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The Last Tortoise
A Tale of Extinction in Our Lifetime
Craig B. Stanford
Harvard University Press, 2010

Tortoises may be the first family of higher animals to become extinct in the coming decades. They are losing the survival race because of what distinguishes them, in particular their slow, steady pace of life and reproduction.

The Last Tortoise offers an introduction to these remarkable animals and the extraordinary adaptations that have allowed them to successfully populate a diverse range of habitats—from deserts to islands to tropical forests. The shields that protect their shoulders and ribs have helped them evade predators. They are also safeguarded by their extreme longevity and long period of fertility. Craig Stanford details how human predation has overcome these evolutionary advantages, extinguishing several species and threatening the remaining forty-five.

At the center of this beautifully written work is Stanford’s own research in the Mascarene and Galapagos Islands, where the plight of giant tortoise populations illustrates the threat faced by all tortoises. He addresses unique survival problems, from genetic issues to the costs and benefits of different reproductive strategies. Though the picture Stanford draws is bleak, he offers reason for hope in the face of seemingly inevitable tragedy. Like many intractable environmental problems, extinction is not manifest destiny. Focusing on tortoise nurseries and breeding facilities, the substitution of proxy species for extinct tortoises, and the introduction of species to new environments, Stanford’s work makes a persuasive case for the future of the tortoise in all its rich diversity.


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A Law for the Lion
A Tale of Crime and Injustice in the Borderlands
By Beatriz de la Garza
University of Texas Press, 2003

"Esto no es cosa de armas" (this is not a matter for weapons). These were the last words of Don Francisco Gutiérrez before Alonzo W. Allee shot and killed him and his son, Manuel Gutiérrez. What began as a simple dispute over Allee's unauthorized tenancy on a Gutiérrez family ranch near Laredo, Texas, led not only to the slaying of these two prominent Mexican landowners but also to a blatant miscarriage of justice.

In this engrossing account of the 1912 crime and the subsequent trial of Allee, Beatriz de la Garza delves into the political, ethnic, and cultural worlds of the Texas-Mexico border to expose the tensions between the Anglo minority and the Mexican majority that propelled the killings and their aftermath. Drawing on original sources, she uncovers how influential Anglos financed a first-class legal team for Allee's defense and also discusses how Anglo-owned newspapers helped shape public opinion in Allee's favor. In telling the story of this long-ago crime and its tragic results, de la Garza sheds new light on the interethnic struggles that defined life on the border a century ago, on the mystique of the Texas Rangers (Allee was said to be a Ranger), and on the legal framework that once institutionalized violence and lawlessness in Texas.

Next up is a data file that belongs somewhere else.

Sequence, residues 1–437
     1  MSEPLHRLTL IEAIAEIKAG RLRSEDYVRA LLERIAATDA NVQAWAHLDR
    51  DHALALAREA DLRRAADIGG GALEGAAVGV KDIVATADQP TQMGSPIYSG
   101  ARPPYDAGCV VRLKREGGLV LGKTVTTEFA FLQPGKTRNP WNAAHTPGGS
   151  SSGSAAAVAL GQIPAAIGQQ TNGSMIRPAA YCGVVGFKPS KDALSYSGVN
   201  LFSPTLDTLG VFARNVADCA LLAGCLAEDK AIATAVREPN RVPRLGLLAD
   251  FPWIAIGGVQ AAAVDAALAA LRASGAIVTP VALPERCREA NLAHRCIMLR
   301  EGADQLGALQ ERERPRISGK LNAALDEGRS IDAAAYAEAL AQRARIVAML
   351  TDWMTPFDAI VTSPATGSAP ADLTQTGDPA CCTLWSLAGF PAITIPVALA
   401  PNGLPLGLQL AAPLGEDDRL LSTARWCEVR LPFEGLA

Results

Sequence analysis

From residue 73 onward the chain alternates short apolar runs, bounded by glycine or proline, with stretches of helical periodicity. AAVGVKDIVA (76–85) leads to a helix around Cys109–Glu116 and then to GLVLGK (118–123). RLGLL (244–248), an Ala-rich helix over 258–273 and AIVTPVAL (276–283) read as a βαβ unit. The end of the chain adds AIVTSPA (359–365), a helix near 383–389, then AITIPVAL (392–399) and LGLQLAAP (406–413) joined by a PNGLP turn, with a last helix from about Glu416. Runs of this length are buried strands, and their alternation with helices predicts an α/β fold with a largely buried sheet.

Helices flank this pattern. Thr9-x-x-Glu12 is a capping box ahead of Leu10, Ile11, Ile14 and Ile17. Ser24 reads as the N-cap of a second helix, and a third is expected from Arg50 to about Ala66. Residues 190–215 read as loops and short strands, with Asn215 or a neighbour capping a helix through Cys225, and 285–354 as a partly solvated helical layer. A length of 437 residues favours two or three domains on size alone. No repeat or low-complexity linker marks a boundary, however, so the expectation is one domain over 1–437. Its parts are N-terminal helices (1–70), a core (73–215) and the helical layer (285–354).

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Life, Brazen and Garish
A Tale of Three Women
Dacia Maraini
Rutgers University Press, 2024
Three generations of women live together under the same roof. Though they are united by blood, each of the Cascadei women has a very different personality and way of expressing herself. Teenage daughter Lori scribbles impulsively in her diary, so eager to speed off on her moped that she rarely bothers with punctuation. Mother Maria, a professional translator, writes detailed and observant letters yet doesn’t see what is happening right in front of her. And grandmother Gesuina, a former stage actress, speaks into an audio recorder, giving a provocative and brutally candid performance for an imagined audience that might never listen. 
Life, Brazen and Garish offers a fresh take on the epistolary novel, telling the story of a family through the fragmented and disparate perspectives of daughter, mother, and grandmother. Yet even as each woman endures her private struggles with love and betrayal, youth and maturity, knowledge and ignorance, reality and illusion, the Cascadeis forge a solidarity that transcends generations. In turns heartbreaking and laugh-out-loud funny, this novel is a triumph of narrative voice and literary style from one of Italy’s most renowned writers.

Questo libro è stato tradotto grazie a un contributo del Ministero degli Affari Esteri e della Cooperazione Internazionale italiano.
This book has been translated thanks to a contribution from the Italian Ministry of Foreign Affairs and International Cooperation.